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So how would you like to learn Braille?

Interested in learning Braille? Image shows hand on a braille book

 

Last year I made a few big changes in my life. Met my partner, moved from Liverpool to Nantwich, took up my first admin job after a number of years teaching. This year the changes continue and life is quite exciting!

I applied for an admin job here at Connect back in September, and before I’d even started I was asked if I’d be interested in learning Braille. As a lifelong learner, I jumped at the opportunity. I signed up for the online course at www.uebonline.org and got stuck in straight away.

The course is aimed at sighted people learning to read and write Braille visually. It’s really well structured, starting with the basics (alphabet, basic punctuation) and gradually becoming more complex. Each of the 31 lessons includes transcription and translation, using just six keys on a standard computer keyboard. Is there a pattern to help you develop? Not really, it’s down to regular practice, even just a few minutes a day, to keep the muscle-memory going.

So every evening I fire up my laptop, stretch my fingers and place them on what I hope are the correct keys and get stuck in. Sometimes my fingers drift one key too far to the left or right and I end up with the wrong letter or contraction (words made from single letters or groups of letters, a bit like shorthand). The good thing about the UEB course is that you can’t move on until you’ve typed in the correct word. Sometimes I get really frustrated, wondering where I am going wrong, but I get there eventually.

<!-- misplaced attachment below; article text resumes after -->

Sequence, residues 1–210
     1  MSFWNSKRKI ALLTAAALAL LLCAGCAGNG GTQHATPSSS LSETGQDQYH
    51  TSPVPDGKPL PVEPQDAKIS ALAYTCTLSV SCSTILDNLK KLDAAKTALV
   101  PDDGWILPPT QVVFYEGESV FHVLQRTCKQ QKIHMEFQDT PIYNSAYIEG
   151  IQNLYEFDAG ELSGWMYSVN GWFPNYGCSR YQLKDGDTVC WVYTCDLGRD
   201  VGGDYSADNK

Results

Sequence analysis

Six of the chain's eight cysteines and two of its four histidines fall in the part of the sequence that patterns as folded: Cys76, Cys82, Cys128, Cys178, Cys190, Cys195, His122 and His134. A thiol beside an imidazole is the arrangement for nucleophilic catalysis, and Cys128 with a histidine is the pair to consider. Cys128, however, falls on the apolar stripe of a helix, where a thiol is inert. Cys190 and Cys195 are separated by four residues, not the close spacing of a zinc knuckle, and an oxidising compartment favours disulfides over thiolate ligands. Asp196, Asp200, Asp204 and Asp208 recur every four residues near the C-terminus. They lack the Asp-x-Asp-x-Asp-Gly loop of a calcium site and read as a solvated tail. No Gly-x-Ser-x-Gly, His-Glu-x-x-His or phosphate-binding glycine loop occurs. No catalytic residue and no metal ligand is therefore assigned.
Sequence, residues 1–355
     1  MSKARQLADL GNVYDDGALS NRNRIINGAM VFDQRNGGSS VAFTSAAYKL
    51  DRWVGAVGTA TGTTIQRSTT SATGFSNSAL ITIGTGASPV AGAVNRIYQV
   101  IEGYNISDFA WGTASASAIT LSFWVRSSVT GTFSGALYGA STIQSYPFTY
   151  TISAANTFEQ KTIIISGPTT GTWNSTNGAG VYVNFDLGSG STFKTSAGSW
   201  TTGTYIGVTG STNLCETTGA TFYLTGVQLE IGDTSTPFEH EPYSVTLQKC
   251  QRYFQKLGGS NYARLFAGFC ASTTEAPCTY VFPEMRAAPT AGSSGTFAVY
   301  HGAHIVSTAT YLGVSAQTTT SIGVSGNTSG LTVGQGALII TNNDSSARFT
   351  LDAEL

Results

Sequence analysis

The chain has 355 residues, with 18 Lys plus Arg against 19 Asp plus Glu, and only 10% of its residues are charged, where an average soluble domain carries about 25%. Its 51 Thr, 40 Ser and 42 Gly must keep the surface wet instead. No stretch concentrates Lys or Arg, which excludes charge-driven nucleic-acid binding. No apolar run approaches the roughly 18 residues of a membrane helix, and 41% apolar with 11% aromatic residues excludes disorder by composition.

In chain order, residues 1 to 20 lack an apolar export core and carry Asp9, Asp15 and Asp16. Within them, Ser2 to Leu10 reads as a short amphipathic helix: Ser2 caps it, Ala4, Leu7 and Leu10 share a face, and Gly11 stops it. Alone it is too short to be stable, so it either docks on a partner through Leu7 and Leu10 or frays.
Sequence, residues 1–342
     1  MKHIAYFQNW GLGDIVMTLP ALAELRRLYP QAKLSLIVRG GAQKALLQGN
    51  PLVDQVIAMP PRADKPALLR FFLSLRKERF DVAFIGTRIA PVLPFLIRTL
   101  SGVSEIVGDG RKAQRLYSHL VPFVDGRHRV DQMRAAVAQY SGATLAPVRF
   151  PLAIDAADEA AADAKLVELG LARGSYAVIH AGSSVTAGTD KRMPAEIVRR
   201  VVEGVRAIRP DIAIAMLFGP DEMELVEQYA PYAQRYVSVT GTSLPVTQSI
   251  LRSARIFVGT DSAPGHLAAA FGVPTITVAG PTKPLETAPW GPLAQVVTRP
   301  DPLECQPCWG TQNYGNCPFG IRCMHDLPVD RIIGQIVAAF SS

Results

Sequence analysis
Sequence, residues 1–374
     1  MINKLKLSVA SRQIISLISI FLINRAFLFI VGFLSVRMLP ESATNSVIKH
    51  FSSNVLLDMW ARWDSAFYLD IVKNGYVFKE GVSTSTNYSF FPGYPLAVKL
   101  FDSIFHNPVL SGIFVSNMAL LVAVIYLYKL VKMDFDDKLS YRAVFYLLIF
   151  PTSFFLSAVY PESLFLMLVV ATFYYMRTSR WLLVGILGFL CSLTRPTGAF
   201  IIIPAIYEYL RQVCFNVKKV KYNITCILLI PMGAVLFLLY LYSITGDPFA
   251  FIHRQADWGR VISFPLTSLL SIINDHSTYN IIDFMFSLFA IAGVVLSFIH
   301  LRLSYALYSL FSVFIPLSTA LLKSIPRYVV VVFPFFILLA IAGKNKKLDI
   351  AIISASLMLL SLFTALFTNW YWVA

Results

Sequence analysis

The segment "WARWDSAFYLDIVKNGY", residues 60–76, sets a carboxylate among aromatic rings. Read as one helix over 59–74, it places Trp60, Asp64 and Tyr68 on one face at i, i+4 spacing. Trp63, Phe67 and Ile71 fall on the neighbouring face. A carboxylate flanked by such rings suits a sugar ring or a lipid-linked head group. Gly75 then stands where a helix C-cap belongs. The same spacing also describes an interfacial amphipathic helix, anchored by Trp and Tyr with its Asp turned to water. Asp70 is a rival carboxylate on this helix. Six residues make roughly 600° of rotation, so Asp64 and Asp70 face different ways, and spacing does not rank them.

Braille is basically another language. I found some websites to help me with translation and there are lots of staff at Connect who are very experienced in reading and transcribing Braille who have been a great help to me.

I’ve now completed the UEB course once and restarted it for practice! I’ve also started on ‘The Birmingham Braille Course’, which uses a textbook. I downloaded a Braille writing programme free from the Internet (http://www.duxburysystems.com/freeware.asp) and at the end of each lesson there is a short exercise to complete to test what you have learnt. I completed the first test without the help of the online support from the UEB website – it was quite tricky! One of my colleagues checked over it and went through the correct answers with me, helping me understand the errors I’d made.

The tests have to be timed and I was worried that I was taking too long, but soon learnt that it is well worth giving yourself plenty of time to check for typos and the like. As I gain more experience I am given less guidance, so now I am given a total number of mistakes made and have to work them out for myself. Still not quite getting that all the time yet but I’m working on it.

Patience is a virtue and all that!

braille

 

by Susan Munro

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